With a keen eye and a photographer's mindset, you are sure to find plenty of available subjects on which to practice your art.

© 2011 Luis E Gonzalez


Luis E Gonzalez (author) from Miami, Florida on July 28, 2011:

JEM: Thank you

JEM on July 28, 2011:

Well seen and well done!

Luis E Gonzalez (author) from Miami, Florida on July 24, 2011:

pmccray: Thank you, you're right, not that many people give these things a second thought.

pmccray on July 24, 2011:

Who would of thunk it? I'll not pass a hydrant again without giving it a second look. Very interesting hub thanks so much for sharing.

Luis E Gonzalez (author) from Miami, Florida on July 20, 2011:

Chaotic Chica: Thank you for your nice comments. Sometimes looking at things with a different mindset changes how we see things.

Chaotic Chica on July 20, 2011:

Very good hub! Thank you for the ideas. I've been having to go out of town for medical reasons and the city I go to is filled with history. I have photographed many of it's larger, more well known features and it didn't occur to me to aim for the smaller details. I know what I'm doing next Friday!

Luis E Gonzalez (author) from Miami, Florida on July 16, 2011:

vocalcoach; thank you very much, glad to see that you really enjoyed my hubs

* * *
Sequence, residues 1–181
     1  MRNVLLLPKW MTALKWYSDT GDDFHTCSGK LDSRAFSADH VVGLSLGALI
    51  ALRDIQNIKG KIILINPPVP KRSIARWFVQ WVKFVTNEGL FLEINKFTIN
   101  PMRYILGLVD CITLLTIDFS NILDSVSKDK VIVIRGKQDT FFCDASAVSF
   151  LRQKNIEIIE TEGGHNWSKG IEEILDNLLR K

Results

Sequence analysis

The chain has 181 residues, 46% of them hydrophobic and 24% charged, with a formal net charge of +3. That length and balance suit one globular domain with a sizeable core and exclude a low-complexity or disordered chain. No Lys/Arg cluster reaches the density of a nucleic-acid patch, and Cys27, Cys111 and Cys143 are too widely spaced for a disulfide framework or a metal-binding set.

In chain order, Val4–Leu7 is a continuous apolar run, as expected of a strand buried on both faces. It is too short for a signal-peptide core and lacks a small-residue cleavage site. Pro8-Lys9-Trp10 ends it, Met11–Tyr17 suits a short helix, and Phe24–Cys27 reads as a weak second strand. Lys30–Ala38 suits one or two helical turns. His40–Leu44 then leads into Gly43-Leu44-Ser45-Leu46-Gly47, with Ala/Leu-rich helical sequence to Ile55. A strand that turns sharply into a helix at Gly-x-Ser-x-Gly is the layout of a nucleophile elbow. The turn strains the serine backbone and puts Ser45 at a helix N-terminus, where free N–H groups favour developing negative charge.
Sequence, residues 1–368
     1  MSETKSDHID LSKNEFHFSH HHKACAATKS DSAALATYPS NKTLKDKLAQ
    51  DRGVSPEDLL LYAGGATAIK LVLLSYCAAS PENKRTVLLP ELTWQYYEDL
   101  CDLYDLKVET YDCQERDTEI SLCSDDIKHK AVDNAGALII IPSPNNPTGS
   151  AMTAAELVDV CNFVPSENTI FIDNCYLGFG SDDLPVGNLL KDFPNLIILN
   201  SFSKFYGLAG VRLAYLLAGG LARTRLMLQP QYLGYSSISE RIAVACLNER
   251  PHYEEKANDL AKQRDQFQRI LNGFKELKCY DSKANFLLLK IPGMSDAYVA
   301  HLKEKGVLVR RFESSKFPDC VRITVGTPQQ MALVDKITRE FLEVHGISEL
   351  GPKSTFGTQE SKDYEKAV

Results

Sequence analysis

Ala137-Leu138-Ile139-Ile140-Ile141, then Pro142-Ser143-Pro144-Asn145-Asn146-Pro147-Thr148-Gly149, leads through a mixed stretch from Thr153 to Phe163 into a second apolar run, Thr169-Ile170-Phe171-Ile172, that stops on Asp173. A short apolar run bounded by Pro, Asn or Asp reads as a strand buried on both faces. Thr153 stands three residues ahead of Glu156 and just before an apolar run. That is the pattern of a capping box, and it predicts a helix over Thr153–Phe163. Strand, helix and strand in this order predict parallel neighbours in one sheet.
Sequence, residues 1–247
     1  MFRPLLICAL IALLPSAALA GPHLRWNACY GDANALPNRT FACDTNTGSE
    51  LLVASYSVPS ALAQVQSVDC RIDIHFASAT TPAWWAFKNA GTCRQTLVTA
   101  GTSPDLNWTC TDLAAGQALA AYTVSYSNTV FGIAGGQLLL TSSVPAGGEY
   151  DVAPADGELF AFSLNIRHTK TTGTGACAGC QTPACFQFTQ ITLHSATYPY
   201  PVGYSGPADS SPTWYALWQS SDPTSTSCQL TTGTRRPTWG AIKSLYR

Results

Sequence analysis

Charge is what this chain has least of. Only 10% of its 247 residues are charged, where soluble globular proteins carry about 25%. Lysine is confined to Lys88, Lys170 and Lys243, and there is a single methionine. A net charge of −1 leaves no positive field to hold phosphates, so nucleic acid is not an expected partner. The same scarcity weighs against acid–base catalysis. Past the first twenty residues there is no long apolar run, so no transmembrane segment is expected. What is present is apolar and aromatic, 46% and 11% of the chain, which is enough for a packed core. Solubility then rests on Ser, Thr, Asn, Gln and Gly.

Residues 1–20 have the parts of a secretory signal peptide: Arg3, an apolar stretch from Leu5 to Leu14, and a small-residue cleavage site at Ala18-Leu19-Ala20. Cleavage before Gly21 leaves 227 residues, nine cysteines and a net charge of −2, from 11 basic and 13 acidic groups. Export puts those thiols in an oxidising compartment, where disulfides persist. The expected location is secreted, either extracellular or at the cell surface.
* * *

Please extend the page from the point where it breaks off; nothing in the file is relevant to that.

Luis E Gonzalez (author) from Miami, Florida on July 16, 2011:

Tracy Lynn Conway; Thank you , I'm glad to see that you have enjoyed my work

Tracy Lynn Conway from Virginia, USA on July 16, 2011:

What a fun collection of photos and useful photography tips!

Audrey Hunt from Pahrump NV on July 15, 2011:

Wonderful hub! Now I am eager to look into your other articles. I am a big fan. Thank you for your marvelous gift. Rated UP! Take care, vocalcoach

Luis E Gonzalez (author) from Miami, Florida on July 15, 2011:

Thank you Cardisa

Carolee Samuda from Jamaica on July 15, 2011:

Luis, you have another winner. Who would know that a fire hydrant or door knocker could be so interesting? Love the thumbnails.

Luis E Gonzalez (author) from Miami, Florida on July 15, 2011:

Denise Handlon: Thank you for your nice comments, I truly appreciate them

Denise Handlon from North Carolina on July 15, 2011:

Luis-you are an amazing person! What an interesting hub about ordinary things. I loved it. Thanks for bringing such creativity to the table.

I love door knockers because they can be so interesting.